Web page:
Doctoring Medicine

The cancer of corruption eating into India’s medical sector is no secret. Reports of patients being prescribed unnecessary tests by unscrupulous doctors in league with labs abound. Alongside there are frequent reports of needless procedures — from caesarean births to the insertion of stents into healthy hearts and replacement of workable knees — thrust upon patients by doctors keen to make a killing off someone’s unease.
Such practices seriously harm the health and finances of Indian patients. In addition such malpractices are gaining India’s medical tourism industry — once tipped to hit six billion dollars by 2018 — infamy around the world. Transparency International ranks India’s medical industry as the second most corrupt institution citizens encounter following the police. This image, of a corrupt, cynical trade preying on patients, is seriously damaging medical tourism to India. Already hit by tight visa rules, a decaying ethical reputation could see India — visited by 350,000-plus overseas patients in 2012 — beaten flat by better-reputed destinations like Singapore, which saw over 600,000 overseas patients.
There are strong global practices and precedents to control medical corruption. In America, only this year, six hospitals have been fined millions of dollars for improper financial ties with diagnostic centres and recommending needless procedures. That included a Kentucky hospital fined 41 million dollars for prescribing unnecessary coronary stents. In contrast to America’s tough action, India’s response is laughable. Health minister Harsh Vardhan is himself a doctor who admits he’s worried by tests forced on patients by doctor-hospital-lab cartels, a recent sting operation showing eight reputed diagnostic centres involved in an alleged commissions scheme with doctors. Yet, his response has been to turn the matter to the ethics committee of the Medical Council of India — ironically, this body is itself in deep controversy over corruption, making it imperative MCI cleans its own reputation first.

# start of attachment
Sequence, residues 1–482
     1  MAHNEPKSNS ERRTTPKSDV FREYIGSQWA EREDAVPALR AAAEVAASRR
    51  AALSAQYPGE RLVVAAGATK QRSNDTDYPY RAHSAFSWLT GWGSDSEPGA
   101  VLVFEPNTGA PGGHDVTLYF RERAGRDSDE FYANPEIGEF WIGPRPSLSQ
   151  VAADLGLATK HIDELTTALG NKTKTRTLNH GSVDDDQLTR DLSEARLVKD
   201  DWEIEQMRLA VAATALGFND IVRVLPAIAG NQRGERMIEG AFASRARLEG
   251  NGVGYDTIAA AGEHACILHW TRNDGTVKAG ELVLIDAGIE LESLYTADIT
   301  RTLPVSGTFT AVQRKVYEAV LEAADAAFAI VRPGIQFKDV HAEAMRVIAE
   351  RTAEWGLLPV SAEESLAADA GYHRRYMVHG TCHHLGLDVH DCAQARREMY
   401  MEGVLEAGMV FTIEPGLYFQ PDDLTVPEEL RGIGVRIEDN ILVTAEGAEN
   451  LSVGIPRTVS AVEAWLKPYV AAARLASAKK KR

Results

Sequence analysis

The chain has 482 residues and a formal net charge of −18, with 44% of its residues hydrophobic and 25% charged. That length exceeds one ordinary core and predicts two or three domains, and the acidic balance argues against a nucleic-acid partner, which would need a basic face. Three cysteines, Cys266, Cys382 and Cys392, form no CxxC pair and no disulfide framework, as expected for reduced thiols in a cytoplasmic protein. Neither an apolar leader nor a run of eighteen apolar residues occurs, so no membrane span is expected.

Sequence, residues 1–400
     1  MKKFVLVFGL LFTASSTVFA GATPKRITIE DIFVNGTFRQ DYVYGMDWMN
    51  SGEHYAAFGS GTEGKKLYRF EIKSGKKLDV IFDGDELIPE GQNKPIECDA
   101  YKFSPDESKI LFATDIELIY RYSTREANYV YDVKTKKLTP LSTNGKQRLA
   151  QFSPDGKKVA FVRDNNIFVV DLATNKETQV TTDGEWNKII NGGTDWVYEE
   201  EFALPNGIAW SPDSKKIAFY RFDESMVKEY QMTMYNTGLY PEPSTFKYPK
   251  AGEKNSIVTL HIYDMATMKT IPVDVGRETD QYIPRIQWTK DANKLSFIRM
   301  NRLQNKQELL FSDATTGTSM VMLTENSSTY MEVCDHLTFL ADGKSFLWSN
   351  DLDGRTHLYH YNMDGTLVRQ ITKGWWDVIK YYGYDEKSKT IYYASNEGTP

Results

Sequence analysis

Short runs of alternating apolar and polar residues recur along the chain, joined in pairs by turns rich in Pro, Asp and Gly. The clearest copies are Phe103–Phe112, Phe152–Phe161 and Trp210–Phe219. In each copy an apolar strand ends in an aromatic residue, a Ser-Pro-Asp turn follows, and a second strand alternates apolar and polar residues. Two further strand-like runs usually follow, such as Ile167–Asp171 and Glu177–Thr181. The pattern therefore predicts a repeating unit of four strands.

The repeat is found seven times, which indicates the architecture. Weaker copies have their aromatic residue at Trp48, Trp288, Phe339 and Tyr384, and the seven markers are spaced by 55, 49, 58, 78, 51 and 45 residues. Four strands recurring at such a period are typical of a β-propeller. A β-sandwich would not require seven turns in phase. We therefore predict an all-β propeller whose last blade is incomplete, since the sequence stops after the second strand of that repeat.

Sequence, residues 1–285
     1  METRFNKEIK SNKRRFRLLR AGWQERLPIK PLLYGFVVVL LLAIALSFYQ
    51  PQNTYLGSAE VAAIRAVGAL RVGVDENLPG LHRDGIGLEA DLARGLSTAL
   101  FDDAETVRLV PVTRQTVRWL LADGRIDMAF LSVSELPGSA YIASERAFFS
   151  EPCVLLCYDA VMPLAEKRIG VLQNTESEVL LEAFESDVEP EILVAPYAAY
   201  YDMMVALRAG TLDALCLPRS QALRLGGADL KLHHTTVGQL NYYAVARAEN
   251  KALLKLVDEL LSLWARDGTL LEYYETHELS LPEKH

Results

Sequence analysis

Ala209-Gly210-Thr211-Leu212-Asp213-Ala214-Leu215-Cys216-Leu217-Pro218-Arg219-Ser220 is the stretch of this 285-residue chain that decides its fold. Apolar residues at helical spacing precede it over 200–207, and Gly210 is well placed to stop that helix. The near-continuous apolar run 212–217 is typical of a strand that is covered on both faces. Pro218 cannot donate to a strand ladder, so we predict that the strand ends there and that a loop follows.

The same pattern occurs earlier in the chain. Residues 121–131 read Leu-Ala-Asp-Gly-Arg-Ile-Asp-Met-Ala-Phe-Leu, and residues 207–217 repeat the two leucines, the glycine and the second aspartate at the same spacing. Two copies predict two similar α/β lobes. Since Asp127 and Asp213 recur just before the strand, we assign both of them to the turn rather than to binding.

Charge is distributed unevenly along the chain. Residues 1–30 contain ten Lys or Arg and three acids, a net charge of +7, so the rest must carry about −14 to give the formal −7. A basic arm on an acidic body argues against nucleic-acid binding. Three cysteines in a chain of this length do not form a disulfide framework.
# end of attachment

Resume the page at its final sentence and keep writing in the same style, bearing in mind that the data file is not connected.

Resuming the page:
For overseeing the medical industry’s practices, India needs a spotless body with professional weight and ethical credibility. If the government is serious about curing Indian medicine’s ills, it should listen to modern groups like The Society for Less Investigative Medicine, founded by AIIMS doctors to counter unnecessary testing. Meanwhile, quick and clear legal procedures for those ripped off by professionals supposed to aid them in their hour of need must be put in place. It is vital government clamps down, through better regulation and serious enforcement of rules, on individuals and institutions who abuse patients.

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